From the President and CEO
VAHHS CEO Jeff Tieman on COVID-19

Fewer than 10 days ago, COVID-19 wasn’t even a commonly known term, let alone one that dominated our media coverage and email inboxes.
Last week, we had our first patient testing positive in Vermont at Southwestern Vermont Medical Center. Then we saw another at UVM Medical Center in Burlington. Meanwhile, the states around us saw their numbers rise. Within days, we were facing a massive public health challenge that affects everything—from our daily lives and activities to the capacity of our health care system.

Here in Vermont, I am proud of the way we have come together to make tough, but necessary decisions that help keep us all safe and healthy. It is essential to reduce all the risks we can. Exercising an abundance of caution is the best way to help slow the spread of COVID-19. It is important to “flatten the curve” of the epidemic—taking steps to prevent too many cases at one time, which can overwhelm hospitals and other health services.
We rely on our health care workforce every day to save lives and keep us healthy. Now we are seeing in a new way how swiftly and dramatically they can be called into action. 

Learn more about COVID-19 here , and check out these recent news stories about national and state response:

Legislative Update
by Devon Green
Vice President of Government Relations

If you’ve ever wondered what the opposite of social distancing looks like, the Vermont State House is a good approximation. It has hundreds of people crammed together in very small rooms with very little circulation. Normally, this is slightly uncomfortable, but the atmosphere shifted to a palpable level of anxiety as the World Health Organization announced that COVID-19 was now a pandemic. The legislature reacted quickly, asking us what tools hospitals needed to respond to COVID-19. VAHHS worked with all the other provider groups with a  list of requests , and the House passed out a bill,  H.742,  addressing COVID-19 on Friday evening—about 30 hours after their initial request definitely the fastest I have ever seen them move on a bill.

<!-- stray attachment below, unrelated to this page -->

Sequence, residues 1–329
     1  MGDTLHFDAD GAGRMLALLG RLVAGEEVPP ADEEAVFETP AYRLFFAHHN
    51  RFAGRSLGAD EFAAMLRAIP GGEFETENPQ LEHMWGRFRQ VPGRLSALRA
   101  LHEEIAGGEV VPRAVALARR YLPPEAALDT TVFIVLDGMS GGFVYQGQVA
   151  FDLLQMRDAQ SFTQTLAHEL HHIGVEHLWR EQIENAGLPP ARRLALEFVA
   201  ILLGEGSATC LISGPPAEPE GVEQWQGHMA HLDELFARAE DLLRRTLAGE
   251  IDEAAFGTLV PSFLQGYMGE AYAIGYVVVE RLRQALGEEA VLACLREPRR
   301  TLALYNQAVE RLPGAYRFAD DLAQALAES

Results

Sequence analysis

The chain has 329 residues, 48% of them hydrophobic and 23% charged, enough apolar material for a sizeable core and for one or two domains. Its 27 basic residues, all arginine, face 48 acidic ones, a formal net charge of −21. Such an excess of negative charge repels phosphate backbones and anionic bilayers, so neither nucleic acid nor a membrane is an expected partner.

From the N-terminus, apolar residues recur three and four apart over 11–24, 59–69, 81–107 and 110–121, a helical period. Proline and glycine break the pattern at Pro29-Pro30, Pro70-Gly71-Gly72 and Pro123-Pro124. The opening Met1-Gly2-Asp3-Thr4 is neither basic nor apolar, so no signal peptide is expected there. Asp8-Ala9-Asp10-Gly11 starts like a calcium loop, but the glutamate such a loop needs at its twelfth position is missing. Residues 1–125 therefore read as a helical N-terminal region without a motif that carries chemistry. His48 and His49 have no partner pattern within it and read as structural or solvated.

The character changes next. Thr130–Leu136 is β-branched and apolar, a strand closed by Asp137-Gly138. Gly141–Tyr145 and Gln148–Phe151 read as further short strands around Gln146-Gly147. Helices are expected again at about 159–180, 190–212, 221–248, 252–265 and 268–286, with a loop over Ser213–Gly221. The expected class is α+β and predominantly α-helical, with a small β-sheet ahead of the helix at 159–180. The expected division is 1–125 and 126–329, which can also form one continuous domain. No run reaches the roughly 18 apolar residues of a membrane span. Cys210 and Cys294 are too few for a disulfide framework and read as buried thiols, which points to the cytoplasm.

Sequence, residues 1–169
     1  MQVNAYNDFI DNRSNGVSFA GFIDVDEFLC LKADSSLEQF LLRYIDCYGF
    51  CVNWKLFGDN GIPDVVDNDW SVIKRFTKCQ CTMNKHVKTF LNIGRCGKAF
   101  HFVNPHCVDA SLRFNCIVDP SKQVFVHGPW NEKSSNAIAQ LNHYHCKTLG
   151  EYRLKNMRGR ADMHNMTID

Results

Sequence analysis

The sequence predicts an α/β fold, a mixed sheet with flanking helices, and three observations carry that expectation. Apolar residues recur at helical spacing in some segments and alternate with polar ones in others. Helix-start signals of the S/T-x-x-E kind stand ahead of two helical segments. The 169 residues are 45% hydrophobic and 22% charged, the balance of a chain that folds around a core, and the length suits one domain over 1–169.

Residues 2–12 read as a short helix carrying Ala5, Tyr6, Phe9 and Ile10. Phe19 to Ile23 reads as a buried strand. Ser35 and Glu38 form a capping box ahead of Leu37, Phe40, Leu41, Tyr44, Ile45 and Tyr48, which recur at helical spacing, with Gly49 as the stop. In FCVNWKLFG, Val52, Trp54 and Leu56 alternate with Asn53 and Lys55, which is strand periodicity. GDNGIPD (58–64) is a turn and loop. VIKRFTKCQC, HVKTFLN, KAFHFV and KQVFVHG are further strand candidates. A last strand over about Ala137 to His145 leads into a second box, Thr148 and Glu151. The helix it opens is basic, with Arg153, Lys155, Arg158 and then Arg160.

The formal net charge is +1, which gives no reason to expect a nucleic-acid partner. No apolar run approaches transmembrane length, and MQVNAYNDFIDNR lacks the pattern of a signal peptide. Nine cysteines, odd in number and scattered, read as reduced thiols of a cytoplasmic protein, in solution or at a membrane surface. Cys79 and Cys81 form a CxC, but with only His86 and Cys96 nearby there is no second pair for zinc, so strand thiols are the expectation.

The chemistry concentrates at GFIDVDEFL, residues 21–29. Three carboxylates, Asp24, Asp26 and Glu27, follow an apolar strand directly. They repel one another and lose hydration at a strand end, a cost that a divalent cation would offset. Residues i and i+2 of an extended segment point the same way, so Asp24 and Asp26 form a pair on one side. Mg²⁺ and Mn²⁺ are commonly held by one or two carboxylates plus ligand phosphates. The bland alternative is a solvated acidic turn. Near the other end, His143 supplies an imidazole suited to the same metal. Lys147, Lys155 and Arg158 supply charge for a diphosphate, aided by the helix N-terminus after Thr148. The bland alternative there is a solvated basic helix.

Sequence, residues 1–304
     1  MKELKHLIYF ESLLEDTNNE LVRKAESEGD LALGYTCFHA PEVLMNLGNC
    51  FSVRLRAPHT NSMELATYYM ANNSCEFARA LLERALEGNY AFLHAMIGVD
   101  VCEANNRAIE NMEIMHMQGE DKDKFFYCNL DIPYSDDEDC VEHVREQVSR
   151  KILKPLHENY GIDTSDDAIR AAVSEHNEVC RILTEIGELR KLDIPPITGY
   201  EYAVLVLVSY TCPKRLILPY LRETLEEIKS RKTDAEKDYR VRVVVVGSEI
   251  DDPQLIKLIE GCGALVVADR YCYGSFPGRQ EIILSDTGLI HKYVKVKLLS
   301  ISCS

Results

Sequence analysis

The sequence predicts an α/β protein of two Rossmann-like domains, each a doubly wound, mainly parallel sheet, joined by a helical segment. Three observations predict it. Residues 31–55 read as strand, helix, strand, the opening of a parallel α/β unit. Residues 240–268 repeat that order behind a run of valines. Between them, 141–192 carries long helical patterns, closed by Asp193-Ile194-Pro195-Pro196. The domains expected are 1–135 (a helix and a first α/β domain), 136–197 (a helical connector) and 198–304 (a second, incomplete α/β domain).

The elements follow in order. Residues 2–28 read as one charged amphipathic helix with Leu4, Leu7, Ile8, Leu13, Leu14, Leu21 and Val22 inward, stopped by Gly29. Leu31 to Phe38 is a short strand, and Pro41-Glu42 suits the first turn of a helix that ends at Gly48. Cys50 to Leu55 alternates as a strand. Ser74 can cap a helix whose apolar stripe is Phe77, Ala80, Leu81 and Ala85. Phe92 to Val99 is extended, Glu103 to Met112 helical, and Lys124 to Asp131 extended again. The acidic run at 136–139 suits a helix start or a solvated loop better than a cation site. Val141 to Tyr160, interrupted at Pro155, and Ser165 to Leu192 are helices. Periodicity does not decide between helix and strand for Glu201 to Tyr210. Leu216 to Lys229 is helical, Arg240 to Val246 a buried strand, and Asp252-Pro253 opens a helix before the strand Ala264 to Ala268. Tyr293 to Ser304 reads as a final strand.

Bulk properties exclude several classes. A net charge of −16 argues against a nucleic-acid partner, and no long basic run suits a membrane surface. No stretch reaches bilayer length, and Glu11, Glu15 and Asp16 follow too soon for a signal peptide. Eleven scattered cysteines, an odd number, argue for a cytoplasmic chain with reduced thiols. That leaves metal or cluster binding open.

The legislature also took the wise step of shutting down for this week and postponing the crossover deadline. This means that all bills are still alive, even if they haven’t made it out of their committees. Unfortunately, this also means that the COVID-19 bill still has to go through the Senate before it can get to the governor’s desk. Sen. Lyons, the Chair of the Senate Health and Welfare Committee, has said they will work on this bill this week.

A special thank you to our legislators, particularly Speaker Mitzi Johnson, Rep. Bill Lippert and the entire House Health Care Committee, and Jennifer Carbee, the lawyer from Legislative Council, who spent much, if not all, of Thursday night drafting the bill and consulting with all of the health care provider representatives. Their rapid response is much appreciated.

Another huge thank you to Scott administration staff members. We urged them to declare a state of emergency, and they did so on Friday. You can find the entire executive order here , with a summary below. We will be working with the administration all week to help address hospital concerns and priorities.  

Click here for a breakdown of the federal powers under the national state of emergency and the state powers under the Vermont state of emergency.

Most importantly, thank you to all the hospitals and health care providers who are working around the clock on this issue.